Magazine article The Spectator

Television: James Delingpole

Magazine article The Spectator

Television: James Delingpole

Article excerpt

Gomorrah (Sky Atlantic, Monday), the new, must-see Mafioso series, started promisingly. We met two hoods -- one young, shaven-headed, good-looking; one weary, brow-beaten, middle-aged -- filling up at a petrol station in Naples, an unfamiliar (to me anyway) setting that looks promisingly like a cross between Vegas and downtown Gaza. Clearly they were up to no good.

Meanwhile, in a decrepit apartment block, an elderly mamma was preparing her beloved, twentysomething son a rather delicious-looking pasta dinner. She chastised him for smoking at the dinner table. The son tried explaining, to no avail, that this was an E-cigarette, not a real one. Mamma wasn't having it. She said grace and her nicely brought up if wayward boy crossed himself piously. (The old religion dies hard in Naples.)

Then, horror. The two hoods, it turned out, were on a mission to torch the apartment with the petrol they'd just picked up from the station. We rather hoped Mamma and her boy would survive. They didn't. The last we saw of them was mother and son, hugging one another tight in the running shower and praying as the paint on the walls of their bathroom blistered ominously.

Cut to the two hoods, in their petrol-smelling clothes, enjoying a celebratory drink with friends before retiring home. Both, it turned out, were loving parents of sweet children whom they kissed tenderly as they slept in their beds. Just another ordinary working day, Naples-Camorra-style.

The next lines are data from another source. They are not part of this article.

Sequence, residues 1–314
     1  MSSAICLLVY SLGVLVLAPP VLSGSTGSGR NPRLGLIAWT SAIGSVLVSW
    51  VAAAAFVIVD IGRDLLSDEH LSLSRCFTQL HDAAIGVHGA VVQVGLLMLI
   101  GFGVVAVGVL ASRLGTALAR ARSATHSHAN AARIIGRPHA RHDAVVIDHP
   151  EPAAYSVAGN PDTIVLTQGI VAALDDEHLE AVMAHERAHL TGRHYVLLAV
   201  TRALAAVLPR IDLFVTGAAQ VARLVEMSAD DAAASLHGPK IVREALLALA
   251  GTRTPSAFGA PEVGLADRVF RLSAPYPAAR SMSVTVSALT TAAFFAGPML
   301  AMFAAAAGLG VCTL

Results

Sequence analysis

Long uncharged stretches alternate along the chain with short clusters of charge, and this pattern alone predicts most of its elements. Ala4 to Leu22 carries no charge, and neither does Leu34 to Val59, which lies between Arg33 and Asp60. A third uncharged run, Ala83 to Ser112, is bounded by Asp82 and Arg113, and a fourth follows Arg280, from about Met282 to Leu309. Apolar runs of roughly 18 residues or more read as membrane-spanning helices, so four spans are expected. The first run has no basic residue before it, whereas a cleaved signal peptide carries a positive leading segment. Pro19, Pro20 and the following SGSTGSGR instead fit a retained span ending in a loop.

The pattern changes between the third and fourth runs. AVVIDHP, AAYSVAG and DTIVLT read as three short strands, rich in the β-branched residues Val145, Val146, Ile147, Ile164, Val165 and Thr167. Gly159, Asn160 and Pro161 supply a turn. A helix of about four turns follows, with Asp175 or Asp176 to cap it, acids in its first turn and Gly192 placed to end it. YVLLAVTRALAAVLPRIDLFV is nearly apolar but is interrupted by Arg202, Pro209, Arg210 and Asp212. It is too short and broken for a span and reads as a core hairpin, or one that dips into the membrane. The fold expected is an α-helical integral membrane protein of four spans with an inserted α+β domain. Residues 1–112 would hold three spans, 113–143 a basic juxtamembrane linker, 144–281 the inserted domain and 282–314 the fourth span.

Where Gomorrah differs from the Godfather trilogy, The Sopranos or Goodfellas is in its near-total absence of glamour or sentiment. At no point do you envy these people or imagine there is any hope for them. As the creator of the series, Roberto Saviano, told the Telegraph : 'If you watch it all the way through, the question you're left with at the end is: "But I thought these guys were supposed to have an amazing life?" The life they lead is crap. They live like rats in a trap.'

This is why Saviano can't live in Italy any more. Since publishing his book Gomorrah: Italy's Other Mafia , he has been living under police protection in New York after receiving death threats from two Camorra godfathers. Presumably, they would have preferred a version of events where they were shown regularly giving money to charidee and stroking cute white kittens in a non-sinister way. …

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